Yet in view of the disappearance of hundreds of millions of dollars and billions from the decommissioned nuclear arsenal of the former Soviet Russian empire hidden in the Ukraine, Wilson writes “the NBU (National Bank of Ukraine) was guilty of extremely creative accounting. The IMF stopped funding Ukraine, despite Yushchenko’s apology. The NBU’s inelegant defense is that they did what they had to do to survive in the conditions of the time”. But why did the CIA, and the State Department’s USAID wait so long to enter the fray after the US government swept clean the nuclear missiles buying them up en masse for peanuts soon after the collapse of the USSR in 1991. Inside the fury of oppositional politics I arrived in Kiev in late 2004 and was struck immediately by the absence of any national student democratic organization to lanch the new generation against the older corrupt master political class. (A.Wilson, Ukraine’s Orange Revolution; <www.>; italics added.)

Less than two years after the popular victory of the people’s so-called “Orange Revolution” during which Yushchenko was severely poisoned and his face (that too had been publicly contested) – the love affair with hope for the future rid of corruption faded and died, badly scarred, with the quick return of the Yanukovich gang loyal to Moscow. In 2010 Ukraine headed to a showdown in the presidential contest. Yushchenko’s five-year term came to an abrupt and climatic end. His popularity falls to new lows. Murders pass unsolved, jails remain empty of the perpetrators and the politicians openly clashed, sometimes violently on camera in parliament for all the world to see that capitalism in the Ukrainian still faces a very hard road ahead. Corruption is widespread and a thorn in the side of Euro-enthusiasts. And his contentious former Prime Minister Ulia Tymoshenko, heroine of the “Orange Revolution”, courts death languishing for years isolated in hospital under guard while facing multiple long prison terms.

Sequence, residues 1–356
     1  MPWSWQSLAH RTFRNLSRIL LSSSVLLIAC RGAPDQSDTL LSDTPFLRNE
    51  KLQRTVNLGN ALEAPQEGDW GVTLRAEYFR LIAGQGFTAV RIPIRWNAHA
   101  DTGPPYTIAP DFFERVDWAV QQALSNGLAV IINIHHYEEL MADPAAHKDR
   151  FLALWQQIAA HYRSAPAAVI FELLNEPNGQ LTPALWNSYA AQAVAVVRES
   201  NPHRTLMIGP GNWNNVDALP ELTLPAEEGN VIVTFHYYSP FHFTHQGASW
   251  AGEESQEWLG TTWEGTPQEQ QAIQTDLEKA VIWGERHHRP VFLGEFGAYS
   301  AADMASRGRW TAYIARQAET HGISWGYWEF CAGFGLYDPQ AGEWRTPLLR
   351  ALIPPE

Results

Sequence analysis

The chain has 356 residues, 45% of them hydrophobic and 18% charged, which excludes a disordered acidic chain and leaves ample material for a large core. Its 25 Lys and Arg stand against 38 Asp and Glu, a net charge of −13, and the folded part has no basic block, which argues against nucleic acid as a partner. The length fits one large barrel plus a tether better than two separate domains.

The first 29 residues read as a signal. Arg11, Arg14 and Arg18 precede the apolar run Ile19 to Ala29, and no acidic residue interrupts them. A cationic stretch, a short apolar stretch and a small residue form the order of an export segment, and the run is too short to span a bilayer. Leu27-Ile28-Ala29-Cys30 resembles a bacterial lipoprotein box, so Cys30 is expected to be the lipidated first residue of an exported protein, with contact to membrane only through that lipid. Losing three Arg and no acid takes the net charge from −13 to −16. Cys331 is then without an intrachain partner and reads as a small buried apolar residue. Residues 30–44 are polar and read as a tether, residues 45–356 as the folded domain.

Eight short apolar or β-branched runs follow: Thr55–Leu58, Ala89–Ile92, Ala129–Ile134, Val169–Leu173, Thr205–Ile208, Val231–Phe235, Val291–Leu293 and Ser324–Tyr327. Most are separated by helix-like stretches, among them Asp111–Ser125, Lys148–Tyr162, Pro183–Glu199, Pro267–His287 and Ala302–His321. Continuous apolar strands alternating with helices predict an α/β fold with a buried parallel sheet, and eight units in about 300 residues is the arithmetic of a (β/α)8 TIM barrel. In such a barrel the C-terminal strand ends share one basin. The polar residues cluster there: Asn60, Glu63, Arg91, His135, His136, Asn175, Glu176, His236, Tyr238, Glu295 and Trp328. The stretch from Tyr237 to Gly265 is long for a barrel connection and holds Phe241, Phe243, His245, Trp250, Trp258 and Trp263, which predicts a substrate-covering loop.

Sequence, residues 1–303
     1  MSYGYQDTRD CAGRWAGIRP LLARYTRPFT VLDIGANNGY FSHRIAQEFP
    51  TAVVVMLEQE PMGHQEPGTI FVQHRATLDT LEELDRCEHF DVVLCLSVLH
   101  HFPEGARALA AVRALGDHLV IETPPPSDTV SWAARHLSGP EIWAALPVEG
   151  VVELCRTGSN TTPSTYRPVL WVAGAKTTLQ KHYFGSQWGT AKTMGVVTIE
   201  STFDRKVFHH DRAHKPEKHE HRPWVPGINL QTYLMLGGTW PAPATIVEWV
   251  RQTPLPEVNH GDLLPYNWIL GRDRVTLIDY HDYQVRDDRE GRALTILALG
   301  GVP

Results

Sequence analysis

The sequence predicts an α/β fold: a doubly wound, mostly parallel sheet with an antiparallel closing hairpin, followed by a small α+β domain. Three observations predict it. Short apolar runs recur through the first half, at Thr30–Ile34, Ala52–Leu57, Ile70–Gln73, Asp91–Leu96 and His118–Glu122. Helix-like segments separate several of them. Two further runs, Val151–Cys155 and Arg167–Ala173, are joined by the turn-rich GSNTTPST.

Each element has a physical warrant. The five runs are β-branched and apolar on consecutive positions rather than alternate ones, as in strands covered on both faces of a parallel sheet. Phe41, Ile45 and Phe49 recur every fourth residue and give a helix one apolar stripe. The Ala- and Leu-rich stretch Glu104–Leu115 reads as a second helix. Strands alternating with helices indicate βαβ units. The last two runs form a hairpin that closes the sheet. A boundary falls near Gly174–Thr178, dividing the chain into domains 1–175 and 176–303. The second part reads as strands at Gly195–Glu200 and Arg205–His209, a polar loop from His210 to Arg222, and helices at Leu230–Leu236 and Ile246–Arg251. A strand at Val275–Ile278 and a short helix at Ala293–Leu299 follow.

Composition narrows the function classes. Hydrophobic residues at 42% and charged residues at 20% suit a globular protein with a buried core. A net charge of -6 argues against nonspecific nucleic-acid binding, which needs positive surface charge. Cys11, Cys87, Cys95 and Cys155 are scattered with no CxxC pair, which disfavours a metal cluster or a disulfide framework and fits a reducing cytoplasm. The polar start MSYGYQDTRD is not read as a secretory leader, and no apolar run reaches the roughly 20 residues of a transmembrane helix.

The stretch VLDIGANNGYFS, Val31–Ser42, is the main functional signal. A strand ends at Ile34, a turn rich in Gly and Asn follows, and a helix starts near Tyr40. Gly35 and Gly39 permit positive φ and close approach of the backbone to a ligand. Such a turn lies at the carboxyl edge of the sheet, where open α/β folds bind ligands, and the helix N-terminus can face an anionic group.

In 2013, as I write, Ukrainians, after uninterrupted deprivation, scarcity of goods and government subsidy, suffer two-digit inflation and higher prices for food and clothing, gas and electricity. In October 2008, the Ukrainian national economy suffered a major hit during the global financial meltdown prompting an emergency $16 billion loan from the IMF. With its economy contracting 15 per cent and hit by the IMF’s refusal of a $15 billion bailout by the end of the decade and unaided by lackluster reform efforts, Ukraine’s debt problem grew steadily worse sending the hryvnia, Ukraine’s currency sliding to a three year low. As of late 2012, Ukraine had achieved world status as basketcase default risk rated the six highest of 93 countries, according to a study published by Bloomberg, and reported in London’s Financial Times. (“Ukraine Requests Fresh IMF Bailout”, Financial Times, Nov. 30, 2012)

While it owes the owes the IMF $5.9 billion, and with its weak economy strained by a poor grain harvest, a domestic credit crunch, and reduced demand for steel exports, it’s largest revenue resource, it seems unlikely the country will be able to roll over about $10 billion in external sovereign due in 2013.

Burdened by heavy feelings of betrayal, the Ukrainian population was besieged by an advertising blitz selling the Hollywood-manufactured American dream of market capitalism spear-headed by brand-name corporations led by MacDonalds, Coca-Cola, Gillette, Ford, Phillip Morris tobacco to name a few among the many international firms grabbing market share to the beat of kitsch pop music imports.

After the 2004 election Ukraine rushed to find a place in the new market economy. Inflation rose with the pace of rising real estate values. Ukrainian folk culture stepped in spiritually and artistically rich national traditions added an eerie incongruity to the modern tempo of life. In that climate of public enthusiasm for change and die-hard reactionary blowback to the Stalinist nightmare of stability balanced with that frightening knock on the door in the dark hours of night, President Yushchenko had to walk a political tightrope to combat Holodomor apologists and preserve the memory for a nation of survivors and for the world as its witness.